The challenge of defining a length on the nanoscale is non-trivial. For a well-defined inorganic nanoscale species, a size measurement can describe a number of different dimensions (core, shell, solvation sphere). Often size is reported out of context or even inadvertently misrepresented. Since many of the techniques used to measure size depend on significant and sometimes destructive sample preparation, an additional challenge is defining “what size means” for a nanoscale species in solution. In this Concept, the distinction is made between complementary techniques that can be used together to unveil more information about the material in question, and corroborative techniques, which are used to make multiple measurements of the same property. Additionally, corroborative techniques can be used to measure the same property in and out-of solution so as to reveal details about solution behaviour. We highlight various approaches to this characterization challenge in the context of three case studies that demonstrate the use of both complementary and corroborative techniques to elucidate the various functional dimensions of different types of inorganic nanoscale species in solution.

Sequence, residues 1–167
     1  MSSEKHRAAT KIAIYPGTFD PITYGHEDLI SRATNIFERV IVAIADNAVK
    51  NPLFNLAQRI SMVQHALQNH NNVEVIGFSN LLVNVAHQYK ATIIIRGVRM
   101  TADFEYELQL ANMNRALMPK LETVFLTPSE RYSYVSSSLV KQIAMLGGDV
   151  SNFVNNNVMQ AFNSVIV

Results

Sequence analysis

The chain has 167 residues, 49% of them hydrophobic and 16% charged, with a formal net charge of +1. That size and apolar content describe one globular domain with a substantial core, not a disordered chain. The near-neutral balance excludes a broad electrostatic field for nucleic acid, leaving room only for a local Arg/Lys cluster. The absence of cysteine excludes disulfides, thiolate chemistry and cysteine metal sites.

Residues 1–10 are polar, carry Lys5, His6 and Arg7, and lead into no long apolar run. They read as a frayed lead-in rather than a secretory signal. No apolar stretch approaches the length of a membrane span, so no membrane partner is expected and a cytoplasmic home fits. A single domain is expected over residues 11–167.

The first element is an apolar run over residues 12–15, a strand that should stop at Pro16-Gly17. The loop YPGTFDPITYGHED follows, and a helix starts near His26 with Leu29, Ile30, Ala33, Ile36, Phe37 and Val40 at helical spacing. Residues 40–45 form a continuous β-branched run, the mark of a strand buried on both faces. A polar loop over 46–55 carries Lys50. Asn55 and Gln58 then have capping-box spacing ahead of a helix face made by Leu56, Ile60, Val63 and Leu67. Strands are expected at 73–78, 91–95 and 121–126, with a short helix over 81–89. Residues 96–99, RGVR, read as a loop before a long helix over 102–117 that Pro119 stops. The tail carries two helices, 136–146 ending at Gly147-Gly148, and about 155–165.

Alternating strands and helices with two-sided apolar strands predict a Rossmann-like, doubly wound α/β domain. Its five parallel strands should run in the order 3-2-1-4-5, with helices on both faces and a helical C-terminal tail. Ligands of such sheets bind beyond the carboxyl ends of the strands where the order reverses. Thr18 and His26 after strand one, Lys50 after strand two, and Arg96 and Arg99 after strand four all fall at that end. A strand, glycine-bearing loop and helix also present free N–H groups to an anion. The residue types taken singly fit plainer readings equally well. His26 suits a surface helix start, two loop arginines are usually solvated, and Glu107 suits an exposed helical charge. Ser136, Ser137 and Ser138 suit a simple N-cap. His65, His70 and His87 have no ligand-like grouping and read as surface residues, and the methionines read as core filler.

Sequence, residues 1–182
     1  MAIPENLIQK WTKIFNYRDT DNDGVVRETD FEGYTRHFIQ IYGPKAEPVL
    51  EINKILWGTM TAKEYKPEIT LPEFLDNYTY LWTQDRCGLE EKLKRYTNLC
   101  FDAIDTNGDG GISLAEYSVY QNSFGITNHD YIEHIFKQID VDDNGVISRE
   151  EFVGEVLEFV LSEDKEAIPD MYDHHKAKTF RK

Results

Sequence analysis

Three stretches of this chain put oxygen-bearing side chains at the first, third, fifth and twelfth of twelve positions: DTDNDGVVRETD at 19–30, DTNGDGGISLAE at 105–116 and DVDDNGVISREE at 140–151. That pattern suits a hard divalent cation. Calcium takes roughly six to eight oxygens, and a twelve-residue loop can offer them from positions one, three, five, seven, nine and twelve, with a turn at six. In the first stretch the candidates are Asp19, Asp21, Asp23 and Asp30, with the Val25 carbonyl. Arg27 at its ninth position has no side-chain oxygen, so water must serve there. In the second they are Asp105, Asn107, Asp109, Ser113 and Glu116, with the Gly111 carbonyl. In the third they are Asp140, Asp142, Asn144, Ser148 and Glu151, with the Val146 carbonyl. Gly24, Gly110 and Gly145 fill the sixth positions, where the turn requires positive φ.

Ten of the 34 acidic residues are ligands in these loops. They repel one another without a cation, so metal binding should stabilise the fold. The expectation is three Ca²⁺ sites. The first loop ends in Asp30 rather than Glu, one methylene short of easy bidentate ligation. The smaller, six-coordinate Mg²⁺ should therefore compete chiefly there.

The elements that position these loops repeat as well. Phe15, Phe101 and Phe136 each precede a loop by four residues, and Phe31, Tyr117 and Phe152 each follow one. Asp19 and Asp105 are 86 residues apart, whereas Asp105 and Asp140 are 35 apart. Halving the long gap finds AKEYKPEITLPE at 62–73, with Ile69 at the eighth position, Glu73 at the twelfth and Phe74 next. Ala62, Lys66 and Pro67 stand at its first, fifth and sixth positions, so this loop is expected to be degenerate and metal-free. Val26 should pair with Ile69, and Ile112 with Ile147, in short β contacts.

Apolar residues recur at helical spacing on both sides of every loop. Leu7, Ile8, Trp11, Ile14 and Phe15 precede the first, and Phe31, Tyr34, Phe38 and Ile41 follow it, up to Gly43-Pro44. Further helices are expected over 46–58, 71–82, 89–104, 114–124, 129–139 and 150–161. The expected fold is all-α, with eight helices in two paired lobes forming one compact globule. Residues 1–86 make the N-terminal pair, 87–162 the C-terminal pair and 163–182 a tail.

Oliveri, A. F.; Elliott, E. W.; Carnes, M. E.; Hutchison, J. E.; Johnson, D. W., Elucidating Inorganic Nanoscale Species in Solution: Complementary and Corroborative Approaches. ChemPhysChem Volume 14, Issue 12, pages 2655–2661, August 26, 2013